Last December, we selected the cities of Aurora, Arvada, and Westminster, CO to participate in the second Complete Streets Consortium Series. Throughout the series, teams from these three Denver suburbs, along with staff members from regional agencies, will work together to develop actionable Complete Streets policies that help them achieve their goals, including building transportation networks to serve all people who use the streets and providing more and better first-mile/last-mile connections to transit. This April, we met in Westminster, CO for the first of three workshops in the series.
Following Intersections: Creating Culturally Complete Streets a few weeks ago, our two senior staffers behind the conference reflect on an incredible few days in Nashville where artists came together with transportation experts to talk about how we all can be part of building safer, Complete Streets.
Through the Safe Streets Academy, three cities are build skills in safer street design, tactical urbanism, and community engagement. After our second workshop, the teams from Lexington, KY; South Bend, IN; and Orlando, FL applied these skills to launch on-the-ground demonstration projects testing techniques to slow down drivers and make their streets safer places for people.
Our Intersections conference, heading into its second day in Nashville today, is helping to show hundreds of local advocates and policymakers how arts and culture can help contribute to building safer, more complete streets that better serve—and reflect—the local community.
Last November, the National Complete Streets Coalition released a new and improved policy framework for grading Complete Streets policies. Our revamped Elements of a Complete Streets Policy raises the bar by calling for stronger commitments to both equity and implementation (see Complete Streets Month). To celebrate the new framework, this year we’re highlighting 12 of the best … Continued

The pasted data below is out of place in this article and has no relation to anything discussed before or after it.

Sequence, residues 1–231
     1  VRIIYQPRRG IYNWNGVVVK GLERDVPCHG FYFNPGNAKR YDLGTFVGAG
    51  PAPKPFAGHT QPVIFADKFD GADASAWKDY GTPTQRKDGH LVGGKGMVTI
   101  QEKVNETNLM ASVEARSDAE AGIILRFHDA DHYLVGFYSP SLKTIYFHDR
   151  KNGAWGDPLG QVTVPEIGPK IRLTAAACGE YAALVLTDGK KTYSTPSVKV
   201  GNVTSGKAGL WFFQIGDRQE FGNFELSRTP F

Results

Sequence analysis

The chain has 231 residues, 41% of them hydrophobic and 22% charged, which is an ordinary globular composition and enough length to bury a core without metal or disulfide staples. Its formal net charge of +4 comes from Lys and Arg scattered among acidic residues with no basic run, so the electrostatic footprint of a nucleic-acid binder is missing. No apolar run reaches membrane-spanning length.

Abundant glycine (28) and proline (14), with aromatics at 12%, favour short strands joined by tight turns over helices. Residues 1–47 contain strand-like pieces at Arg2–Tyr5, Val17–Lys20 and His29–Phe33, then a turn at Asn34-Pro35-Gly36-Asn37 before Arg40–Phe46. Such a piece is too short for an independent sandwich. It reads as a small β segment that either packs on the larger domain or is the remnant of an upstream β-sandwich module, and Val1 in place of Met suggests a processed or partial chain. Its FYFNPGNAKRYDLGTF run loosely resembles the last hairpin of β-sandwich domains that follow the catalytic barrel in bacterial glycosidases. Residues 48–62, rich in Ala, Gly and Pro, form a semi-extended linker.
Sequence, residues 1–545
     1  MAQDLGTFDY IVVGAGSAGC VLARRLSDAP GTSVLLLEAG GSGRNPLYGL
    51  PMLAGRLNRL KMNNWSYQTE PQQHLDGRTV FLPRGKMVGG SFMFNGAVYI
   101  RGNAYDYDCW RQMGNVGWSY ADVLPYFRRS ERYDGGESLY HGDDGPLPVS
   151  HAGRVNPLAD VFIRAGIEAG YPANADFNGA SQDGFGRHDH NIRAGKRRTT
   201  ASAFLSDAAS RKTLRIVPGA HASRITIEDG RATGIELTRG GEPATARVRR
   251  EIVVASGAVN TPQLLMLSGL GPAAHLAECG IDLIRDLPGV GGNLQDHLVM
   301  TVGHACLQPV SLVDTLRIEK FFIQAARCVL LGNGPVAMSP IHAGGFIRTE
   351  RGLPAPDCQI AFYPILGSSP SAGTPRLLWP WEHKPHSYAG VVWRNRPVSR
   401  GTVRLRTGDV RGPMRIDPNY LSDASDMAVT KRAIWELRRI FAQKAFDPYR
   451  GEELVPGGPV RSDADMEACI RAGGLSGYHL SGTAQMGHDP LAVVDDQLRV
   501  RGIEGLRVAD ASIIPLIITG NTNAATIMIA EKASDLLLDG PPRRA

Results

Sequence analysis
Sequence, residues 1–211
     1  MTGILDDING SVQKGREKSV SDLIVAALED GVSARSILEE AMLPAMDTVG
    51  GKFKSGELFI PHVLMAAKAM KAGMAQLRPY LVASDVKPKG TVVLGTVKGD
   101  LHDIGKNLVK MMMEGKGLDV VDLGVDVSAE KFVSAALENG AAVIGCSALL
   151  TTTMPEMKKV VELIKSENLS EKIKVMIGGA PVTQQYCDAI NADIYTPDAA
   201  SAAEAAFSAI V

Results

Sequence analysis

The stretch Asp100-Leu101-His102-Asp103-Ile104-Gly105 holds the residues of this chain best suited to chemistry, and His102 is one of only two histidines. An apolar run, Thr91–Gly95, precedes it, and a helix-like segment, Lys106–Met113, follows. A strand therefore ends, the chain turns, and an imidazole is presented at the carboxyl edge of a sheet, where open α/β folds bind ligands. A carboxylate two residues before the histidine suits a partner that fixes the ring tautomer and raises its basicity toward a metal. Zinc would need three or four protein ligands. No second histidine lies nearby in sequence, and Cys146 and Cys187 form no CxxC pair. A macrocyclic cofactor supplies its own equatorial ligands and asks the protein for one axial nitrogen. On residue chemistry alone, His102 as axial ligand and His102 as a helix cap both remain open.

This year we’re highlighting 12 of the best Complete Streets initiatives, projects, and champions around the country in lieu of our typical annual Best Complete Streets Policies report. The Best Complete Streets Initiatives of 2017 celebrates the people and communities that are setting an example for implementation and equity in Complete Streets which are an important part of the new Complete Streets grading framework that will take effect next year.
On May 1, residents in Nashville will be voting on a $5.2 billion proposal to dramatically improve and expand the city’s transit system with improved frequency on existing lines, new BRT routes, and a new light rail system. Our upcoming conference, Intersections: Creating Culturally Complete Streets, is happening right in the midst of this once-in-a-generation conversation.
Councilman Ryan Dorsey, in collaboration with the advocacy organization Bikemore, drafted a groundbreaking Complete Streets ordinance for the City of Baltimore. The Complete Streets ordinance, if adopted, will introduce stringent, binding requirements to proactively reduce disparities in community engagement, project delivery, and performance measurements. The proposed ordinance is the result of a yearlong stakeholder engagement process that has built a broad coalition of supporters to oversee the adoption and implementation of this ambitious ordinance.
Las Cruces, NM is one of many cities across the U.S. creating a more mixed-use, accessible, and walkable community. The key to their success? A Downtown Master Plan that recognizes the strong connection between land use and transportation. Originally adopted back in 2004, the Downtown Master Plan is a living document that reflects the community’s vision. This plan was crucial to the city’s adoption of a form-based code and advancement of Complete Streets initiatives, including a recent flagship project, Plaza de Las Cruces.
Through the Inner Loop East Transformation Project, the City of Rochester, NY is reimagining its street network by putting people and place before cars. The project supports the city’s vision for a more vibrant, connected downtown by converting an outdated urban expressway into a walkable, bikeable Complete Streets boulevard that reconnects the neighborhoods once divided by the expressway. This project is an important step in achieving the goals set forth in the city’s Complete Streets ordinance and Master Plan.